Pablo listened to his music the same way as he cut hair, actively. He would cock an ear to judge the sound quality, then go over and make a little adjustment, up or down in volume, or a slight change in tone until he was satisfied that a particular song was being heard under the best possible conditions, and given the respect as was its due. The next track was 'O sole Mio' and as it played my fingers started to make the motions of a conductor. Pablo noticed this and immediately stopped his work, turned the chair around to face him, and gave me a delightful smile:
'Musica Napolitana, bellissima?'
I made gestures with my hands and face to indicate that I adored it.
He pointed to himself, 'Io sono Napolitana... Naples'. Then he pointed at me, 'Allemand?'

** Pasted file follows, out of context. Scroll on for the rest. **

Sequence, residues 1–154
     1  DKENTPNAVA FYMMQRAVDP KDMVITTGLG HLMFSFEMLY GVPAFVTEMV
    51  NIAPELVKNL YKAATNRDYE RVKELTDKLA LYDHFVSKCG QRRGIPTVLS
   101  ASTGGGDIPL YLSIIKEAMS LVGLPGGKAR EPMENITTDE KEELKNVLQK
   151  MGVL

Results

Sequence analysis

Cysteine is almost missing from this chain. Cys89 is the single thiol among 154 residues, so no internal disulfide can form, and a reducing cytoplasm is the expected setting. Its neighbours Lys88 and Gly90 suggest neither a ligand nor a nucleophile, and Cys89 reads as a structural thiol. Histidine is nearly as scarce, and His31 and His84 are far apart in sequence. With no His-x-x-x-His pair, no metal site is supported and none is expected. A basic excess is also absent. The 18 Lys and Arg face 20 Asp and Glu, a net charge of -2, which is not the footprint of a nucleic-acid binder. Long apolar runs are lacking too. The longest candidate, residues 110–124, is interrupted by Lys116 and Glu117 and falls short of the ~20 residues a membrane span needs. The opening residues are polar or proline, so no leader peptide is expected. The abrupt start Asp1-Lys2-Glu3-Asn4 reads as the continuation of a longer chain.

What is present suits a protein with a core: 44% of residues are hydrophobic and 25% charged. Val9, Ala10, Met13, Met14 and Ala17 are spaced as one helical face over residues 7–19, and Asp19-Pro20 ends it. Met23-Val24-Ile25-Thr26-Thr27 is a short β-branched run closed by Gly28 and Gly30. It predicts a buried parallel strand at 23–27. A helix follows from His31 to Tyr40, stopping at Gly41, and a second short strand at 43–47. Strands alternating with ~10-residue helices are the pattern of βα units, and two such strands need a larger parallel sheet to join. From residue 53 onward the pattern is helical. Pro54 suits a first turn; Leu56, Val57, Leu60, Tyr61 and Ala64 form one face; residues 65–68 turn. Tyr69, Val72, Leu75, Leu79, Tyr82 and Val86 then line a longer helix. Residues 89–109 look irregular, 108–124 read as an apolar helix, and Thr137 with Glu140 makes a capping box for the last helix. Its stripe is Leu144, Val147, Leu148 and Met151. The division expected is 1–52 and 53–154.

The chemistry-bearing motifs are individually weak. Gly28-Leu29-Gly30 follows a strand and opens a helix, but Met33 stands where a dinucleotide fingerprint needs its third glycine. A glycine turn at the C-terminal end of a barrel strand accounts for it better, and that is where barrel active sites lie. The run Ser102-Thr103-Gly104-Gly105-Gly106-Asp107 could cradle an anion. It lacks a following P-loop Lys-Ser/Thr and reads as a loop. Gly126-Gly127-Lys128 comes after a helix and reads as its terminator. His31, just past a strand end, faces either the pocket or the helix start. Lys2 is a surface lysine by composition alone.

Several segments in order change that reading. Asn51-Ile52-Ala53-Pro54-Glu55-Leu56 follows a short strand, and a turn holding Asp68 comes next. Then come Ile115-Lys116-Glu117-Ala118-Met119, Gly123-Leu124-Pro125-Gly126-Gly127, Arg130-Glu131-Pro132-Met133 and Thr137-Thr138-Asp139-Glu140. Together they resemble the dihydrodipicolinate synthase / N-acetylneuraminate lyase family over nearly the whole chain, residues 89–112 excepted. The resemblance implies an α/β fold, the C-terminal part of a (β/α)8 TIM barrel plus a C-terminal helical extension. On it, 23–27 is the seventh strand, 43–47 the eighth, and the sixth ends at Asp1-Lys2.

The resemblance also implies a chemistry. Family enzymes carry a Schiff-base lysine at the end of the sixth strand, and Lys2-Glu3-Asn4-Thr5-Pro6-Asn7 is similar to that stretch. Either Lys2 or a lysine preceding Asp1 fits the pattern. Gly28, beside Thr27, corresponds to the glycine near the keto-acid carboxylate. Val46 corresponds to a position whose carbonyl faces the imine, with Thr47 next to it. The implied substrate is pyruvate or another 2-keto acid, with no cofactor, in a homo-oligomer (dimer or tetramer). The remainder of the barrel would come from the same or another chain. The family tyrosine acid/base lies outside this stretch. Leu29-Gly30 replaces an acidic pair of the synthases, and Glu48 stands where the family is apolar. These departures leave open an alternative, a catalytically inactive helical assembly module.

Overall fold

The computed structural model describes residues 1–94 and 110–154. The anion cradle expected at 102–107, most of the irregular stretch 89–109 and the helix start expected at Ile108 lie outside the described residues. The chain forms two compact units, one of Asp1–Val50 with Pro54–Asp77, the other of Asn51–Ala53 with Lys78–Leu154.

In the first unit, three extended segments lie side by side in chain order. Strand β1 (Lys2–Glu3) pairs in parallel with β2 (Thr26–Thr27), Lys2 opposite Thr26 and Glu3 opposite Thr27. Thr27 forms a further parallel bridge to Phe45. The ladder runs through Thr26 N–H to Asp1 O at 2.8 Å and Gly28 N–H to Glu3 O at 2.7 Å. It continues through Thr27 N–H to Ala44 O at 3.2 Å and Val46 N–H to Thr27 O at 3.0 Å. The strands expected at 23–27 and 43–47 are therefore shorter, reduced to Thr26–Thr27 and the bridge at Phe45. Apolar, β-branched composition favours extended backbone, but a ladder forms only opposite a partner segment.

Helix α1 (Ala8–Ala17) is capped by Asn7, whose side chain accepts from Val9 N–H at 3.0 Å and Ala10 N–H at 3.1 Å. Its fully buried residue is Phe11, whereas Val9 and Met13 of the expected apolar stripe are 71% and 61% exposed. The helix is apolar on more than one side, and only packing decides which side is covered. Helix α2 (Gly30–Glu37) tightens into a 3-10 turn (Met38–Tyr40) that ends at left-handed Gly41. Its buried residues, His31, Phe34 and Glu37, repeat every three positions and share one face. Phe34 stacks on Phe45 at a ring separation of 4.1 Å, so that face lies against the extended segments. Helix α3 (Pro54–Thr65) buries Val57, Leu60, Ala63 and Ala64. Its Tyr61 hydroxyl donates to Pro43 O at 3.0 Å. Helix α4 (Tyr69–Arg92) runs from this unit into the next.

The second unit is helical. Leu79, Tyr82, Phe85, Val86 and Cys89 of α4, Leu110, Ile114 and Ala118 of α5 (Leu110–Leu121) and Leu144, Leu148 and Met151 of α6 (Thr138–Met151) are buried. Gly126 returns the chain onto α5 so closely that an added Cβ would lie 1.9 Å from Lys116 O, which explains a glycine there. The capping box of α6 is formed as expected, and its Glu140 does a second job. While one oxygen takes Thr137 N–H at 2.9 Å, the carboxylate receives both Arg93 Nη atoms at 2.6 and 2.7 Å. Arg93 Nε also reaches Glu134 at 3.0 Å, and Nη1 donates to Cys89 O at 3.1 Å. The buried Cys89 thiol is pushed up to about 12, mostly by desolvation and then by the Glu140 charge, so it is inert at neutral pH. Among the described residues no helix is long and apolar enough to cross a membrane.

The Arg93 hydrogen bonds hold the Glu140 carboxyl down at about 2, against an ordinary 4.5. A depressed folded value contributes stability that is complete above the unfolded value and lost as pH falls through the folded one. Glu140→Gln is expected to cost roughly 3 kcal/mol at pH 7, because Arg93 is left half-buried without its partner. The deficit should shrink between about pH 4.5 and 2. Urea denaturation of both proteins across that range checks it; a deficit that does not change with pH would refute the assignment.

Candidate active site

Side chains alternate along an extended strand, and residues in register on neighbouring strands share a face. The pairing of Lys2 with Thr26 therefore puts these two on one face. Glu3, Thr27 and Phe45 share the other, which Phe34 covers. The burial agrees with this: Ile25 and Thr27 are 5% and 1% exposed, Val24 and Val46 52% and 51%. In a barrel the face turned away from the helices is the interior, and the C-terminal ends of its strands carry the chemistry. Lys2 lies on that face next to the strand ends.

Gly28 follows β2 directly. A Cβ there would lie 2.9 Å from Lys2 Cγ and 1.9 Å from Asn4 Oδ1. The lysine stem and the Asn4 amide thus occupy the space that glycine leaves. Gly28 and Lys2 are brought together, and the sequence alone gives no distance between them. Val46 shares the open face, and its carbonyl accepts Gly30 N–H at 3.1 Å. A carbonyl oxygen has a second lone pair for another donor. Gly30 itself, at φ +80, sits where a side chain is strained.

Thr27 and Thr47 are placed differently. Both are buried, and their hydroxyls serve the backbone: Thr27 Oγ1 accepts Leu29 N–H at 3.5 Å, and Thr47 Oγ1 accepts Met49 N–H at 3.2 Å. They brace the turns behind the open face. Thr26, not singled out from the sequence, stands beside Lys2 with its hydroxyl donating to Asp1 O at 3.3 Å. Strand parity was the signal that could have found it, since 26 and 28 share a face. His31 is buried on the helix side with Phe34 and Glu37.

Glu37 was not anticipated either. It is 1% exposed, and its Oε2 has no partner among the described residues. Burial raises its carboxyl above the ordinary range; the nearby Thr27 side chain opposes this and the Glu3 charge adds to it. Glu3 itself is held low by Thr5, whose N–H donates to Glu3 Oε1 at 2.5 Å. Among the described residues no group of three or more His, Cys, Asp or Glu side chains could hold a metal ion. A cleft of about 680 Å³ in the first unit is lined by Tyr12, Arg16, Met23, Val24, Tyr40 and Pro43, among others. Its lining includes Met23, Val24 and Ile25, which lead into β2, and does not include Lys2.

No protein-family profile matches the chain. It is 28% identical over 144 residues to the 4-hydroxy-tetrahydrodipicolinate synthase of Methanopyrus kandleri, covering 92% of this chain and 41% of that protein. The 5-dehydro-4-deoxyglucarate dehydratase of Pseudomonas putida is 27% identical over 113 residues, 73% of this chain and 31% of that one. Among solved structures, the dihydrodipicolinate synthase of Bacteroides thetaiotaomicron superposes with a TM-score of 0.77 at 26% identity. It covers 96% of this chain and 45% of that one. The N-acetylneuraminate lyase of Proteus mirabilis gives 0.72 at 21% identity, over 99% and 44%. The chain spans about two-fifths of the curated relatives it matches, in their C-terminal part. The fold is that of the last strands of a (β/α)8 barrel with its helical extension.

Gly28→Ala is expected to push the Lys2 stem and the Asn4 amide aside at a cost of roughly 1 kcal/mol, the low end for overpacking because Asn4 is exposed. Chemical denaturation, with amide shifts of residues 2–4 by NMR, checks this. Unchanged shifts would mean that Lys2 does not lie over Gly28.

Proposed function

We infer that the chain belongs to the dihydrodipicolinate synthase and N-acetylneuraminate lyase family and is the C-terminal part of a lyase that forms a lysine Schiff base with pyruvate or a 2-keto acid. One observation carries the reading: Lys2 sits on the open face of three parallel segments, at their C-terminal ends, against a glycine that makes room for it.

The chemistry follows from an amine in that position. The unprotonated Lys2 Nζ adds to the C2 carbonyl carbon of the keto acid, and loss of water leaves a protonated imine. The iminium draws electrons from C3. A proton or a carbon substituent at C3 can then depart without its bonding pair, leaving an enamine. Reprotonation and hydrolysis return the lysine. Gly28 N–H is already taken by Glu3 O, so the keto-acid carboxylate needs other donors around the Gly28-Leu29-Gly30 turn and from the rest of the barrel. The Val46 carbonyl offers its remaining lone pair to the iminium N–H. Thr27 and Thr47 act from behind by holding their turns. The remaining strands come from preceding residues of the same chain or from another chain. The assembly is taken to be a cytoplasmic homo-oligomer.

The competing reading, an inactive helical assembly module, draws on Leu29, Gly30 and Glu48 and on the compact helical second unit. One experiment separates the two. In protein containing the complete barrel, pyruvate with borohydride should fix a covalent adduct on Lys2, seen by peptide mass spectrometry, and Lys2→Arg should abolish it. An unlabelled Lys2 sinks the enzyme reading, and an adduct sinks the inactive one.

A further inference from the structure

I shook my head, 'Irish, Irlande'.
'Ah Irlande, paese bellissimo, bellisimo'.
He motioned his hands indicating that we must however carry on with the haircutting. The finishing off of the cut was the longest part for Pablo kept alternating between scissors, razor, and contemplation, until he was satisfied. The music was playing but in his concentration I was sure he heard none of it. Finally he put some lotion on my hair, combed it, powdered my neck, squirted perfumed alcohol all over my head, trimmed my eyebrows, the hairs in my ears, and was proceeding to attack those of my nose before I managed to stop him. He gently lifted off my gown, once more put on his glasses, removed them after examining my neck, and used the cut-throat to scrape off some hairs which were offending him.
I paid. He had worked assiduously and skillfully for more than half an hour and his charge was half of what I was expecting.